How to Find Out Who is Using My IP Address

By Lora Price

Nothing is more frustrating than turning on a computer and receiving a message that your Internet protocol (IP) address is already in use. In many cases, the process of identifying the name of the computer conflicting with your IP address is very straightforward. For Microsoft Windows users, learning one command can provide a simple method for troubleshooting many networking issues: the command "ping."

Things You'll Need

  • Microsoft Windows operating system

Verify the Problem

Step 1

Verify that a system has an overlapping IP address. Simply reboot the computer that reported the problem to see whether or not it still reports the error about a conflicting IP address.

Step 2

Access a Windows command prompt. To begin, click on the Windows logo on the task bar or Start and Run for a Windows XP operating system). Then type the command "cmd." Next, press the Enter key. This will open a Windows command prompt.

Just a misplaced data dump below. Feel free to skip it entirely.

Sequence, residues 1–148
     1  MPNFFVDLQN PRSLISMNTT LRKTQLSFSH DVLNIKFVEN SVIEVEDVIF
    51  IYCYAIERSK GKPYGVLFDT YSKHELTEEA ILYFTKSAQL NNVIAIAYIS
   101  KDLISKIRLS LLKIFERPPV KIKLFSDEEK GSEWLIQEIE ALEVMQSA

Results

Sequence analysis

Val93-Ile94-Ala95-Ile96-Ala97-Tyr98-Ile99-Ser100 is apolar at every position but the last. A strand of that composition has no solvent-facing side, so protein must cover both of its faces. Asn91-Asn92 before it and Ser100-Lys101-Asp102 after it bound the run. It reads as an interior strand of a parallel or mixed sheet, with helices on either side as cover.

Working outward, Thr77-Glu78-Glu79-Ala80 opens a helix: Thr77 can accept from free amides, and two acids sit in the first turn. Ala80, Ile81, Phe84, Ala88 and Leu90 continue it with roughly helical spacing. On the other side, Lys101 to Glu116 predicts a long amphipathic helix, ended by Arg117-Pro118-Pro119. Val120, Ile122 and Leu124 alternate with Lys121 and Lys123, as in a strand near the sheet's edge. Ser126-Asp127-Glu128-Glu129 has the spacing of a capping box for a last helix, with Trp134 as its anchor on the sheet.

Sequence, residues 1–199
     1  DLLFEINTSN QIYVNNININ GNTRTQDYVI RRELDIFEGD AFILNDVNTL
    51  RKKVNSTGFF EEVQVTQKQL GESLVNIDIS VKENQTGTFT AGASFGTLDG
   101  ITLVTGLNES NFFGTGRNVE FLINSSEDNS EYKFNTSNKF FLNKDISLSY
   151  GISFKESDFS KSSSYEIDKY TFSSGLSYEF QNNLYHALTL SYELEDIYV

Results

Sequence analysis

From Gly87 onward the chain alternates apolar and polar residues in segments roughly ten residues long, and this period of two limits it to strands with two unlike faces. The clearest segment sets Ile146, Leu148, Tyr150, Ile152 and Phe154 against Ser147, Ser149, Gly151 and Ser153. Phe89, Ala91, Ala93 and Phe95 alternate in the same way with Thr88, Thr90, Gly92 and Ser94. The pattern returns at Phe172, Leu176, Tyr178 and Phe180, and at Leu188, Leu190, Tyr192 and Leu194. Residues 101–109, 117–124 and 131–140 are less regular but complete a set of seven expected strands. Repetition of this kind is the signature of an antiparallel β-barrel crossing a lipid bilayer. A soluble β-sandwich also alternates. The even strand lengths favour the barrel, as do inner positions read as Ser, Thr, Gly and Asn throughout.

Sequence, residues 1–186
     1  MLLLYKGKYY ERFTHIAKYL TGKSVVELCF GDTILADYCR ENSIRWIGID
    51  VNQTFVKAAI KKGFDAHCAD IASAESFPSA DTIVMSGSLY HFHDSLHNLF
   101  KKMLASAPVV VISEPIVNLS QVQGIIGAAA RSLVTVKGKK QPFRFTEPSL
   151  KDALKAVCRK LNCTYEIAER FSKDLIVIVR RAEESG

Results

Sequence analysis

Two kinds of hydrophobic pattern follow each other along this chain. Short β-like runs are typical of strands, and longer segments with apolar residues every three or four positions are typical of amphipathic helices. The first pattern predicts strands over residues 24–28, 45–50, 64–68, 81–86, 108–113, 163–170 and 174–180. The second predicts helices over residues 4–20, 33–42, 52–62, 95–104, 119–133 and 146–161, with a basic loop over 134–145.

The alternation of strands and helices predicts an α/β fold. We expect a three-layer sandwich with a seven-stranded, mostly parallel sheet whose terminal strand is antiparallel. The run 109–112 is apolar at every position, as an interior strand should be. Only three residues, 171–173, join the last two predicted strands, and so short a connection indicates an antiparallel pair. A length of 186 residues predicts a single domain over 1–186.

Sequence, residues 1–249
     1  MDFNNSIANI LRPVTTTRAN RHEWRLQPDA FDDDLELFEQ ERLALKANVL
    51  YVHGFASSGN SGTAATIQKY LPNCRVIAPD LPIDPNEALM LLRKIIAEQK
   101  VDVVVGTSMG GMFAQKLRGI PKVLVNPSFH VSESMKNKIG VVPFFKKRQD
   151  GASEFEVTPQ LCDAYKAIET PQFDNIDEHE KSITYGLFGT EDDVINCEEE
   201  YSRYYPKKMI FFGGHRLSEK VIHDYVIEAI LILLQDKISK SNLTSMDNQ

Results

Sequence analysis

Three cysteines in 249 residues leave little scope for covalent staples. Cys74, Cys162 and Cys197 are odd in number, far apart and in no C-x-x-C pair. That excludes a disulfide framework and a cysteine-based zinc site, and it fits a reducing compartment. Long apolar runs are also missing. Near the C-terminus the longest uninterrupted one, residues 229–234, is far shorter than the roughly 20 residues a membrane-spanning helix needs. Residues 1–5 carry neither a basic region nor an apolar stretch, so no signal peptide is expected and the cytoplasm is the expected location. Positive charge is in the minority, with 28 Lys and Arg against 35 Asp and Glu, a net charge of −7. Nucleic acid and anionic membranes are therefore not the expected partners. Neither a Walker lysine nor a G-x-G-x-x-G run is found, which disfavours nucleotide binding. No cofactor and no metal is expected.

Step 3

Type "ipconfig" into the command prompt. This will display the IP address the system tries to use.

Step 4

Look in the output of the command to identify the IP address assigned to your network interface. The important information will look similar to the following:Wireless LAN adapter Wireless Network Connection:IPv4 Address........: 192.168.1.119If the IP address begins with "169," an IP address was not assigned to the computer, and your network administrator can provide assistance.If the address does not begin with "169," write down the IP address the system tries to use.

Step 5

Turn off the computer.

Step 6

Disconnect the computer from the network.

Use Ping

Step 1

Type the command "ping -a" followed by the IP address in the command prompt window. For example, if the IP address you identified previously is "192.168.1.119," you would run this command: ping -a 192.168.1.119

Step 2

Look at the output of the command. This will identify the name of the system with the IP address. An example of the output of the command is:C:\>ping -a 192.168.1.119Pinging LoraP [192.168.1.119] with 32 bytes of data:Reply from 192.168.1.119: bytes=32 time<1ms TTL=128

Step 3

Contact your network administrator for assistance if you cannot identify the computer using the IP address that was assigned to your computer.

Tips & Warnings

  • If your network is configured to use dynamic IP addresses (DHCP), it should not have an IP address conflict.
  • If you still see a network IP conflict after an initial system reboot, contact a system administrator.